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CSS Bar Classification Scheme

August 17, 2010

This idea was originally inspired by Jeff Pietsch-now hailing from the great new site ETF Prophet showed me an early variant of a “pattern-match” to predict SPY returns. I have also learned some of the nuances of specific technical pattern classification from Rob Hanna’s Quantifiable Edges newsletter who is the expert on this subject matter: . One of the weaknesses (and also a strength) of technical  indicators is that they fail to account for unique patterns. They effectively treat situations as broad “concepts”- a good point made by Michael at MarketSci: . An RSI2 for example classifies the last 2 days as either being “overbought” or “oversold” by looking at the closing price changes only. But this fails to capture some valuable information: 1) what were the highs and lows over the past few days and where is the close in relation to these points? 2) what was the return today versus yesterday? 3) is today’s range large or smaller than yesterday? Using an indicator like DV2 which considers the close in relation to the high to low range helps to complement the RSI2 in this sense, but it does not permit the full range of permutations to be analyzed.

What we need to do is to analyze the bar pattern–or pattern of the daily high, low, and close to dig deeper into more accurate classification. That said, overly specific classification amounts to walking a fine line—the more specific we are about given setup the more rare the condition, and the less likely it will repeat out of sample. However, we may end up finding some truly strong edges that will add value to a more general framework or to indicators like RSI2.  Many traders like to look at candlesticks which tend to carry strange names and specific patterns have a near mythical status with traders.  I prefer to classify things as objectively as possible, and I believe that it is possible to construct a simpler and more robust framework. For this first version, we will keep things extremely simple. Every bar can be classified  as having the following three qualities:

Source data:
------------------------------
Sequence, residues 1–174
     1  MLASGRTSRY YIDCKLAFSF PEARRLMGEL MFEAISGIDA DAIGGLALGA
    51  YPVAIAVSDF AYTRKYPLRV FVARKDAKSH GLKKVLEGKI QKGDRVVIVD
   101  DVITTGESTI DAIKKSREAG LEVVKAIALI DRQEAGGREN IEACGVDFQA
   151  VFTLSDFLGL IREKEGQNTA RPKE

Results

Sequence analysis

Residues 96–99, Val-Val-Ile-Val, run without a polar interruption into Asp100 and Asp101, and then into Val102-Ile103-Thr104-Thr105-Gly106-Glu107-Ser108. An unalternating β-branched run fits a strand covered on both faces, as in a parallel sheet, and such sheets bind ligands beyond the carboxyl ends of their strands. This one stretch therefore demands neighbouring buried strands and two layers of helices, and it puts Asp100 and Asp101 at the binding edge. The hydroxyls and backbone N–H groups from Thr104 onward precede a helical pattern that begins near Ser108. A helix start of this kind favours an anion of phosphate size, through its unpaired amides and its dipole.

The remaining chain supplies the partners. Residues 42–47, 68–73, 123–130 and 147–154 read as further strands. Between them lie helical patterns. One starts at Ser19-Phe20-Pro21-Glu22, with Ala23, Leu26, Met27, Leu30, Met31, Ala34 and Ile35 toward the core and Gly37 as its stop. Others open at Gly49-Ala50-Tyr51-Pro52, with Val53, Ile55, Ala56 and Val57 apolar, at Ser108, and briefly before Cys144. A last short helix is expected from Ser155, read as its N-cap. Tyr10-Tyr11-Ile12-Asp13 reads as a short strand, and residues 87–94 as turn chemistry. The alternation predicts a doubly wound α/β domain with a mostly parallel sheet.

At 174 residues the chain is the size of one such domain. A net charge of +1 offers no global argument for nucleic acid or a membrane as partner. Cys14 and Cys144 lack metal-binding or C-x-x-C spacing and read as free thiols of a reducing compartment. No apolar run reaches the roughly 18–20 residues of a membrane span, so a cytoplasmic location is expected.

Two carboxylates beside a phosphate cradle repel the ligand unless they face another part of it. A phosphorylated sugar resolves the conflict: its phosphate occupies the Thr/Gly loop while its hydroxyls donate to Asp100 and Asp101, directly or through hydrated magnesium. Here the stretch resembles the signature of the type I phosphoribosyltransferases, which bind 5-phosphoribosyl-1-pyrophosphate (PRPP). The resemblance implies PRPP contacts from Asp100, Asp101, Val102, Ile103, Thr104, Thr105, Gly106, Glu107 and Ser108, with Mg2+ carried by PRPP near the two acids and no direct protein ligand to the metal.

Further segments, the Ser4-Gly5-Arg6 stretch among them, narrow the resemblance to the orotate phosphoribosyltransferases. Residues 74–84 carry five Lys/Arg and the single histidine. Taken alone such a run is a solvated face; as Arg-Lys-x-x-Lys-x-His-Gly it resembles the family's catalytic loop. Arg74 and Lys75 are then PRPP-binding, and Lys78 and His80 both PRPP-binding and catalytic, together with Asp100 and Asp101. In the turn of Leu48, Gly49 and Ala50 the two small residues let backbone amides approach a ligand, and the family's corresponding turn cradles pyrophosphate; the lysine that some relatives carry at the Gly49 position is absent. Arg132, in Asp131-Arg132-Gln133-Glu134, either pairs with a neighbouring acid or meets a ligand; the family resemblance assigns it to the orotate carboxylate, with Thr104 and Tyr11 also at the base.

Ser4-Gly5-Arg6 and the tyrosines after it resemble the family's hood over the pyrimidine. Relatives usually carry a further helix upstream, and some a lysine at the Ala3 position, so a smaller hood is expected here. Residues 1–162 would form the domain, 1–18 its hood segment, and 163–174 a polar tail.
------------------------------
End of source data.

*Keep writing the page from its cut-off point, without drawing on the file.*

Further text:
1) Bar Size: the size of a bar can be considered as the High minus the Low in relation to past measures of the high minus the low. This can be normalized using a ranking over the past 252 days: a)  big bar- when the high minus low is in the 75th percentile or greater b) normal bar- when the high minus low is in the 26th to 74th  percentile c) small bar- the high minus low is in the 25th percentile or lower. In total there are 3 different bar size types.

2) Range: the range of the bar can be measured two different ways– as the close in relation to the high to low range or the open in relation to the high to low range. to avoid complexity in our first examples, and also because the close is more important we will only consider the closing range.  The closing range can be measured using a stochastic formula-  (close- low)/(high-low). This closing range can be normalized using a ranking over the past 252 days: a) top of range- when the close relative to the high to low range is in the  90th percentile or greater b) upper range-when the close relative to the high to low range is in the 50th to 90th percentile  c) lower range- when the close relative to the high to low range is in the11th to 49th percentile d) bottom of range- when the close relative to the high to low range is in the 10th percentile. There are 4 possible range patterns.

3) Price Change: This is the change in price from the current close to yesterday’s close.  This can be normalized using a ranking over the past 252 days. For the price change we will use four quartiles: a) big up- when the price change is in the top quartile (>75th) b) up- when the price change is in the 2nd quartile (50th -74th) c) down- when the price change is in the 3rd quartile (26th to 49th) c) big down- when the price change is in the bottom quartile (<25th). There are 4 possible price change patterns.

The following classification scheme is simple and objective, and the process of normalization makes for easy comparisons across time. Counting the number of combinations leaves us with 3x4x4= 48 different possible bar patterns. This is manageable enough on its own, but tends to get dicey as you look at multiple days, for example a 3-day patter can have 48x48x48= 110,592 patterns! In practice, there are strong correlations between pattern components-  a big price change, a high or low closing range and big bar size are often related, which accounts for the correlation between mean-reversion indicators. This will limit the number of practical combinations.  However, there are distinctions and divergence here that make sense and thus it is worth considering all possible combinations. Nonetheless, this method is best handle by genetic algorithm. We will post an example soon.

21 Comments leave one →
  1. August 17, 2010 6:32 am

    Very interesting David, I am looking forward to the genetic algorithm implementation.

    • david varadi permalink*
      August 18, 2010 11:11 am

      thanks quantum. indeed should be interesting—it is the only way to handle the sheer number of combinations.

  2. August 17, 2010 10:48 am